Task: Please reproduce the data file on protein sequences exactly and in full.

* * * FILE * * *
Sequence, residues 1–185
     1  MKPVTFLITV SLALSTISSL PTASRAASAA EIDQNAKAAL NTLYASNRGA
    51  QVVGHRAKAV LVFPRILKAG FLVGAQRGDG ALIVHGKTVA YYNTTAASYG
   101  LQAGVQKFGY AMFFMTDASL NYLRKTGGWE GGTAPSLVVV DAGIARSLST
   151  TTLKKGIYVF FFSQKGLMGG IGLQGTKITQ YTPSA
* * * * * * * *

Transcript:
Sequence, residues 1–185
     1  MKPVTFLITV SLALSTISSL PTASRAASAA EIDQNAKAAL NTLYASNRGA
    51  QVVGHRAKAV LVFPRILKAG FLVGAQRGDG ALIVHGKTVA YYNTTAASYG
   101  LQAGVQKFGY AMFFMTDASL NYLRKTGGWE GGTAPSLVVV DAGIARSLST
   151  TTLKKGIYVF FFSQKGLMGG IGLQGTKITQ YTPSA